Books Features

New Medieval Books: Medieval Humour

Medieval Humour: Expressions, Receptions and Functions

Edited by Kleio Pethainou

What did people in the Middle Ages find funny? This book has six essays that examine what would be humourous in medieval Western culture, whether it be in manuscripts, writings, or even in the monastery.


The idea of this book sprung from a desire to investigate how different researchers approached humour in the Middle Ages, and was developed in a series of panels at the International Medieval Congress 2020 in Leeds, and the International Congress on Medieval Studies 2021 in Kalamazoo. The problematic nature of the topic was immediately obvious: although humour has been researched and discussed since antiquity, we are still to come up with an acceptable definition for it. For the purposes of this book, humour has been defined as this stimulation, verbal or visual, that intends to provoke laughter. Following a long line of historical research on humour, this collection aims to contribute to our better understanding of medieval societies and audiences.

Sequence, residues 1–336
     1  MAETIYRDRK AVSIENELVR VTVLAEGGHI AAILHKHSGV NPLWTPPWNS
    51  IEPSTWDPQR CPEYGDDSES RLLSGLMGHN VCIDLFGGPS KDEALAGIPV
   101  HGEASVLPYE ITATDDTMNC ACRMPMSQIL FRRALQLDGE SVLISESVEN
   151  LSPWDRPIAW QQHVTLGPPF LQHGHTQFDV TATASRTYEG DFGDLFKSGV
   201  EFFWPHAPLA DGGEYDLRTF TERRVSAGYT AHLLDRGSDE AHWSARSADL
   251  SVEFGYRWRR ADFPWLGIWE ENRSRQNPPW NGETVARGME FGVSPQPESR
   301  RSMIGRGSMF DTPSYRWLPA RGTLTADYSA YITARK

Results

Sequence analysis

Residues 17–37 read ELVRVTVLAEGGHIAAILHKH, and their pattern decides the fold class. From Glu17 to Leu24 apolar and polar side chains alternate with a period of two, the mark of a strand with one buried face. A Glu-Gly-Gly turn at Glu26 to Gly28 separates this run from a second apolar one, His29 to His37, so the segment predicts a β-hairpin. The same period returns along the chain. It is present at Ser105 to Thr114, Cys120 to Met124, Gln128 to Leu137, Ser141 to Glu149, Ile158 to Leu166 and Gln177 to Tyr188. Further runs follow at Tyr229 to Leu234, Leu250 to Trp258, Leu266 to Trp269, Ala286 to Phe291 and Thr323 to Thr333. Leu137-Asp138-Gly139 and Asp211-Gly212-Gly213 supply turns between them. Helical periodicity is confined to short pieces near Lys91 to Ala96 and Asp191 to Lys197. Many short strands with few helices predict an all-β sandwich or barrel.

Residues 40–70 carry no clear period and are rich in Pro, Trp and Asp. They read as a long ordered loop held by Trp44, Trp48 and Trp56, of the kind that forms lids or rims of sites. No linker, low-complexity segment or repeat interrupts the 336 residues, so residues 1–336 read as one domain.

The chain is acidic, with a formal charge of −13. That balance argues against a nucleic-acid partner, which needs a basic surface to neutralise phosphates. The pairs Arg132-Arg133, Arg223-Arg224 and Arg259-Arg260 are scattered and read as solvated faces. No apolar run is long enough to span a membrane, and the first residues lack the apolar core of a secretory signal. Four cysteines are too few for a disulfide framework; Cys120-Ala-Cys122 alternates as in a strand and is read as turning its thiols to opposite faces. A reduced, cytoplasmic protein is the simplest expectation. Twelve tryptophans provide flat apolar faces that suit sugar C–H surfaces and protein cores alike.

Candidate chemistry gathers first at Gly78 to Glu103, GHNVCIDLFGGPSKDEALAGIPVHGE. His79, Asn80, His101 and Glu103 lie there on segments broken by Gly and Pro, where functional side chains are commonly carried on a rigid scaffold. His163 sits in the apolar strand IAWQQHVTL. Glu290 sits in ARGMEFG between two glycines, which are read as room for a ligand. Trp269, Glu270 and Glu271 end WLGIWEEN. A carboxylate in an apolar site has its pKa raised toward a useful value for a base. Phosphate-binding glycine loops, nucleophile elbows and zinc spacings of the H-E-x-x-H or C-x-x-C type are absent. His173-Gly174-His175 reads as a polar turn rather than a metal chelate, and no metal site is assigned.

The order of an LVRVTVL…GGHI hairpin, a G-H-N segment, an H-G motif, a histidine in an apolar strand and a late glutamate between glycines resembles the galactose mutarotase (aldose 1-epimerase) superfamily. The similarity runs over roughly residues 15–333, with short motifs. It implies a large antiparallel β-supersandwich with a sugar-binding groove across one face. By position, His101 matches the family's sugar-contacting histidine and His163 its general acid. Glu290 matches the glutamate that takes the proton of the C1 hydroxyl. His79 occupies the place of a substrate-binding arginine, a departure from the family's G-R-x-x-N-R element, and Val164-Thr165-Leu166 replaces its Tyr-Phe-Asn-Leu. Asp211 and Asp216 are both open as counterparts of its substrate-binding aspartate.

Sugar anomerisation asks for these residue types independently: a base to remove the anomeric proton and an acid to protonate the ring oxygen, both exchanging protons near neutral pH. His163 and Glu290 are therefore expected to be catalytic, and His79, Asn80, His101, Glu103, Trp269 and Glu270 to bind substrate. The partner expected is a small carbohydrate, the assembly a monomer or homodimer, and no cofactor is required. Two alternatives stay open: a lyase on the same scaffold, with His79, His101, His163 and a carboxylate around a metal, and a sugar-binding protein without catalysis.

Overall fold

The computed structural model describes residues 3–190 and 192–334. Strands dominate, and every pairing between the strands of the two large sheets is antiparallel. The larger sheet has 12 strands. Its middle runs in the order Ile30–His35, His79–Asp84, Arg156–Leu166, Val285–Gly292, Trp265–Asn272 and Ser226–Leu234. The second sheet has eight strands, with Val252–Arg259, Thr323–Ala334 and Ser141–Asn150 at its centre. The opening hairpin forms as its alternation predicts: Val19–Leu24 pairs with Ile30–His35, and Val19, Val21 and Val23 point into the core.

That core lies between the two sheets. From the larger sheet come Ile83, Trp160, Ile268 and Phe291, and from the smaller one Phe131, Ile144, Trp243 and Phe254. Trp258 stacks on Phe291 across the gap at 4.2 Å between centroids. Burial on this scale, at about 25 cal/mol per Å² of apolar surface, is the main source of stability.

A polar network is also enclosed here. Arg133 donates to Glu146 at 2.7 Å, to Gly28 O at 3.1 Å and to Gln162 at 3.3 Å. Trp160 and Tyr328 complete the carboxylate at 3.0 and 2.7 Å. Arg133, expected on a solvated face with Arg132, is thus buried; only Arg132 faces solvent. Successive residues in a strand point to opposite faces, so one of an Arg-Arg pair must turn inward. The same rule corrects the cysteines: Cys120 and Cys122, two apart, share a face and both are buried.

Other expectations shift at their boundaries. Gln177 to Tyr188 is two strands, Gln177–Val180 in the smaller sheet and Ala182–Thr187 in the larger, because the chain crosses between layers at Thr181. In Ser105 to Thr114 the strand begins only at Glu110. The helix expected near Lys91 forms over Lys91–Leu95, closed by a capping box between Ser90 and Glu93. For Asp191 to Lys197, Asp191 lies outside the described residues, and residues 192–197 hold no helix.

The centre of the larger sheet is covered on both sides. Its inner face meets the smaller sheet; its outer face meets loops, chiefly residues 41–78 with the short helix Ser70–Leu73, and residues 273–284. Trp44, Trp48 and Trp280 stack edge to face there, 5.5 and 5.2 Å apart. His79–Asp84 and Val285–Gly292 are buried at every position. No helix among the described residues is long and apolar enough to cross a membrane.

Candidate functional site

Who is this book for?

Figuring out what medieval people laughed at is a tricky thing, as it is different from what we find funny. Books like this are very helpful in understanding this part of medieval culture. Each of the essays will be of interest to different scholars, including those who research the Book of Kells, Bernard of Clairvaux or the Cent Nouvelles Nouvelles.

We also did a piece about one of the articles in this book: The Humour of Medieval Scribes


The editor

Kleio Pethainou is an Associate Fellow of the Higher Education Academy. She researches storytelling and humour in the Middle Ages. You can visit her website, podcast or follow Kleio on X/Twitter @KPethainou

You can learn more about this book from the publisher’s website

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